Historical Portraits Picture Archive

Portrait of a Lady, thought to be Ann Davis, Lady Lee 

John Michael Wright (1617–1694)

Portrait of a Lady, thought to be Ann Davis, Lady Lee, John Michael Wright
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Oil on canvas
17th Century
27 ¾ x 34 inches, 70.5 x 86.5cm
 
Provenance:
French Private Collection
Exhibited:
National Gallery of Scotland, January – April 2008
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John Michael Wright was one of the most successful native English artists of the seventeenth century, and, along with earlier contemporaries such as Robert Walker and William Dobson, was one of only a handful to find favour amongst the top echelons of society. At the height of his fame, he styled himself ‘Pictor Regius’ [The King’s Painter] and, in his depiction of Charles II [Royal Collection], is responsible for one of the most magnificent Royal portraits in English art. His career was all the more remarkable in an era when patrons continued to exercise their traditional preference for foreign artists, as they had done from Holbein to Van Dyck, and would do from Lely to Kneller.

So it is ironic, therefore, that until recently scholars knew little of Wright’s life, and even referred to him incorrectly as ‘Joseph’ Wright. His oeuvre was eclipsed by the more prolific Lely, and countless works suffered the indignity of being miscatalogued. However, recognised together, Wright’s works stand out from the occasionally pedestrian repetitions of seventeenth century portraiture. If Lely was the most accomplished painter of the genre – or fashion – of later seventeenth century Britain, it is Wright whose actual likenesses have stood the test of time. When placed next to Lely’s work, for example, Wright’s lively and realistic characterisations tend to reinforce Pepy’s critique that Lely’s portraits were ‘good but not like.’

Wright’s success as an artist lay in his uniquely diverse artistic background and training. Although born in London, he first trained in Scotland as an apprentice to George Jamesone. He then left for Italy and stayed in Rome for a decade from 1642, working amongst contemporaries such as Poussin and Velazquez. Records show that his own private art collection included works then attributed to Michelangelo, Raphael and Titian, whom he appears to have copied assiduously. In 1648, he became a member of the Academy of St Luke. He finally returned to London in 1656, after having spent time in France and Flanders. No other English artist before Wright had traveled and studied so extensively on the continent.

This highly original portrait is notable for being quite unlike the majority of English portraits of the period. Wright’s varied international inspirations give his works a certain irreverence that even today appears fresh and modern. His ‘Family of Sir Robert Vyner’ [Newby Hall] shows, unusually, the two children playing distractedly. Here, a combination of French elegance and Dutch realism means we can engage the sitter in a surprisingly fresh manner. Although it recalls Titian’s ‘Vanity’ [Uffizi, Florence] and ‘Flora’ [Alte Pinakothek, Munich], the pose is rooted in an alluring – even risky – reality. The sitter’s clothing is undone and falling off her shoulders, and she suggestively plays with her hair. Only the coquettish drawing up of a red drape preserves her modesty.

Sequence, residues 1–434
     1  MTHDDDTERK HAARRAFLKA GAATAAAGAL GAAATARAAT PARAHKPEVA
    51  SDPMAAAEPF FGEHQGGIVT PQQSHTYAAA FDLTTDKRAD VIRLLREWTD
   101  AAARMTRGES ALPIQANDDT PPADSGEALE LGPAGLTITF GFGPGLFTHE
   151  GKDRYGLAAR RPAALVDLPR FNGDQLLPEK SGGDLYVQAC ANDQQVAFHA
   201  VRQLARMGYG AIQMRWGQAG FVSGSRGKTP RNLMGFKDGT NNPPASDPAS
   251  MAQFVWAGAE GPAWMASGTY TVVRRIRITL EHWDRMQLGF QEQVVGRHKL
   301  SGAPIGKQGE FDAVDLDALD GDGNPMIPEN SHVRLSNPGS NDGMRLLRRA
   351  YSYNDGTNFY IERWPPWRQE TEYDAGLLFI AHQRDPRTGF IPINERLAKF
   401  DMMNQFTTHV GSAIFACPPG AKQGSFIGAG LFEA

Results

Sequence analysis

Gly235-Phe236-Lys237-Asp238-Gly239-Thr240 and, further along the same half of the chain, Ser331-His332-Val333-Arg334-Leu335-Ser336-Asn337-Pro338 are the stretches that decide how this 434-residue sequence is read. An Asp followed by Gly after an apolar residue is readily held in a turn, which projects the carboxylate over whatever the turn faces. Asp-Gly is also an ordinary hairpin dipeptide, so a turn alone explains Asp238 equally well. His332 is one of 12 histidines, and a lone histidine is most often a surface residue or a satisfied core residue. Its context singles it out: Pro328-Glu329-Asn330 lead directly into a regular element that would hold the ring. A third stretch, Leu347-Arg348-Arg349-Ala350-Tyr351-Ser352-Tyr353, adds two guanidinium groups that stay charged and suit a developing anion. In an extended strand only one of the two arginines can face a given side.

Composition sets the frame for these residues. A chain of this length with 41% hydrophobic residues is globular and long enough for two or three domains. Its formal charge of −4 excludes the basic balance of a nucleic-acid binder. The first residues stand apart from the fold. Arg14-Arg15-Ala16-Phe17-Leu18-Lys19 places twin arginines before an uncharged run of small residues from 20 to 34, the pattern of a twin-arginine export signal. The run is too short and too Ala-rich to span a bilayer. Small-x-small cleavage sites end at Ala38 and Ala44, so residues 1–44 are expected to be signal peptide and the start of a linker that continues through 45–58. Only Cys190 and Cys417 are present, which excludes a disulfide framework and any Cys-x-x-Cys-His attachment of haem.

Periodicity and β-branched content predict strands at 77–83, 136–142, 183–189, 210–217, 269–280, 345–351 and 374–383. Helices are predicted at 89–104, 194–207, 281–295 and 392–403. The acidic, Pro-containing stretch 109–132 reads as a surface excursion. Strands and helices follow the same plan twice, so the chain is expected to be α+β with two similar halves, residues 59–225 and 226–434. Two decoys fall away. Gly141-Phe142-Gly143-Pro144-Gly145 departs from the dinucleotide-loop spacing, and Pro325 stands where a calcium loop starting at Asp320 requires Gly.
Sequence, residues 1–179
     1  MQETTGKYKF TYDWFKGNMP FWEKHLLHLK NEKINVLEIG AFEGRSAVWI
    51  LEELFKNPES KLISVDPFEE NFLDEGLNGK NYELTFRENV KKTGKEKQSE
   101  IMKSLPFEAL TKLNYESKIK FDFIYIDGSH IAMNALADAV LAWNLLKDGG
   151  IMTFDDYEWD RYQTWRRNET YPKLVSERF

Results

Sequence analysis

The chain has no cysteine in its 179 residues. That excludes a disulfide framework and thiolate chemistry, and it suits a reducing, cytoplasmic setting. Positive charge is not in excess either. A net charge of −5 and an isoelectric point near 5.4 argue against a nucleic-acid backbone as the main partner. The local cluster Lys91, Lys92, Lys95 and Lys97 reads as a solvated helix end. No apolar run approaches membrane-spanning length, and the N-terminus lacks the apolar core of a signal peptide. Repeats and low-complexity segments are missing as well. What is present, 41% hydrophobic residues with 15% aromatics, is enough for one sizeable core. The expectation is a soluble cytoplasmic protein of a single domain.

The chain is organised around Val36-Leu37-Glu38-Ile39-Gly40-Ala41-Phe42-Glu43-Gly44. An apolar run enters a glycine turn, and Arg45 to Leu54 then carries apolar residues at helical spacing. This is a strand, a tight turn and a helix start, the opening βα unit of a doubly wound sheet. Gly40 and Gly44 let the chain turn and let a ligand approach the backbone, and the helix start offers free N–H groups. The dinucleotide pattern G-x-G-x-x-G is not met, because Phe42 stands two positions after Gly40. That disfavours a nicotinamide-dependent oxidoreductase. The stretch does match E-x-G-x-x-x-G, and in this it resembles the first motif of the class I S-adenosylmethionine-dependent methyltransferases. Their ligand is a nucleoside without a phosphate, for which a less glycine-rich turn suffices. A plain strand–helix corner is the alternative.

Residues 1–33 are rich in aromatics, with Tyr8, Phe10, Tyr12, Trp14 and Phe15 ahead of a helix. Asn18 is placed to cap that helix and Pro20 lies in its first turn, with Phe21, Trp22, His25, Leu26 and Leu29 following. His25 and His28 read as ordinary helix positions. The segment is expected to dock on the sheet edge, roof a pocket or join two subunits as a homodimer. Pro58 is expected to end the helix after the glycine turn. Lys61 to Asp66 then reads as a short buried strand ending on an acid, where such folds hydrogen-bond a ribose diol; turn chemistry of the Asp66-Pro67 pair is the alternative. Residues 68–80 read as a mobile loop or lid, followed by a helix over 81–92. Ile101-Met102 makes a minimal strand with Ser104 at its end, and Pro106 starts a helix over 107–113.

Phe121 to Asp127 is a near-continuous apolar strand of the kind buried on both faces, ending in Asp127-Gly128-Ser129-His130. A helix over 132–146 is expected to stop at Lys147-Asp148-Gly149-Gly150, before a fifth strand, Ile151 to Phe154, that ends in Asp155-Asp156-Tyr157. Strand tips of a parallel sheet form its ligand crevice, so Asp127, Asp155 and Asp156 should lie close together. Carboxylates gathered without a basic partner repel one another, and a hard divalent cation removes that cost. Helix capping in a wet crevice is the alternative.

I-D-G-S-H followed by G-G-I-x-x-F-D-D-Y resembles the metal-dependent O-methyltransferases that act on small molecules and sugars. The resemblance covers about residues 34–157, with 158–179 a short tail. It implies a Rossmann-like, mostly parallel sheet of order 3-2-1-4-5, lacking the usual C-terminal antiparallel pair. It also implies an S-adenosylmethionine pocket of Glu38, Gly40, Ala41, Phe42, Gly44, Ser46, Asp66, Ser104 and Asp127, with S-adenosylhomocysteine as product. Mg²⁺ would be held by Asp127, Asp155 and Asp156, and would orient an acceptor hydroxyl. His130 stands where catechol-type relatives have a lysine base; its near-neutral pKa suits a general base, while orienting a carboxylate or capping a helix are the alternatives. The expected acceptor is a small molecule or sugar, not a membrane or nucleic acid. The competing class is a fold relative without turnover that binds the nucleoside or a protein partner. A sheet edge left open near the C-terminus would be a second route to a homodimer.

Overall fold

Clearly, the picture borders on the erotic – at least by seventeenth century standards. A picture with a similar theme by Wright’s contemporaries would have subsumed the sitter’s deshabillé pose into an ideal of beauty, and turned the sitter into a Restoration goddess. For example, Lely’s portrait of ‘Elizabeth Hamilton, Countess of Gramont’ [c.1663, Royal Collection] shows the sitter in a moment of similar revelation, but it is only Wright’s talent for realism, with depth and density in the drapery, that manages to convey a true sense of revelation, with the charged atmosphere heightened by blushing flesh tones. Furthermore, Lely, as with almost all his female sitters, cast Elizabeth Hamilton as St Catherine, thus using a ‘disguise’ to shield both sitter and viewer from any accusation of salaciousness. But there is no disguise here.

Only recently have we been able to fully recognise Wright’s achievements. The 1982 exhibition ‘John Michael Wright – The King’s Painter’ [Edinburgh, Catalogue edited by Sara Stevenson & Duncan Thomson] led to a revival of interest in his work, and rewrote what we know of his history. Newly discovered works continue to add to his reputation. The present picture, never before published or recorded, is undoubtedly one of Wright’s finest female portraits, and a major addition to his oeuvre.

We cannot be certain of the identity of the sitter in this portrait. The reverse of the re-lined canvas has been inscribed with various details, presumably from an earlier lining. But the suggested sitter as Ann Suckling, daughter of Sir John Suckling, and wife of Sir John Davis of Pangbourne cannot be correct. However, Ann Suckling and John Davis did have a daughter, also called Ann, who may well be the sitter. She was born 1630/1 and married, in 1656 Sir Thomas Lee, 1st Bart., of Hartwell, Buckinghamshire, a successful MP. They had ten children.

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